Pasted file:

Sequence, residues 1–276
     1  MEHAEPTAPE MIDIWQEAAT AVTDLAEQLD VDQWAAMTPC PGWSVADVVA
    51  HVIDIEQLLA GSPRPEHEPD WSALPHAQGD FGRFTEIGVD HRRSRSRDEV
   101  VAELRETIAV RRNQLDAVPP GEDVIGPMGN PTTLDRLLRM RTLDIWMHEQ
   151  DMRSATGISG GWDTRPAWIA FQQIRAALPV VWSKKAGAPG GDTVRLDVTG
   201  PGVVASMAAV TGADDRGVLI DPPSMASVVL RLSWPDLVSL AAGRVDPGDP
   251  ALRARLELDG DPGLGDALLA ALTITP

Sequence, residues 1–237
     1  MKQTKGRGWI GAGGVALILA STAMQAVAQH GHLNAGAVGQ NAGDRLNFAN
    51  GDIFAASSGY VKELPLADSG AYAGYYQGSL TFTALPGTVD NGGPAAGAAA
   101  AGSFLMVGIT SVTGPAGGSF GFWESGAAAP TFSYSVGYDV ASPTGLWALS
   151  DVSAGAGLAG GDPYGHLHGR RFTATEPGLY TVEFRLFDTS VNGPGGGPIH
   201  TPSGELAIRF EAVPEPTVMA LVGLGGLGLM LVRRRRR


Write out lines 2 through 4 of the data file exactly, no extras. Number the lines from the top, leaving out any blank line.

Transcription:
     1  MEHAEPTAPE MIDIWQEAAT AVTDLAEQLD VDQWAAMTPC PGWSVADVVA
    51  HVIDIEQLLA GSPRPEHEPD WSALPHAQGD FGRFTEIGVD HRRSRSRDEV
   101  VAELRETIAV RRNQLDAVPP GEDVIGPMGN PTTLDRLLRM RTLDIWMHEQ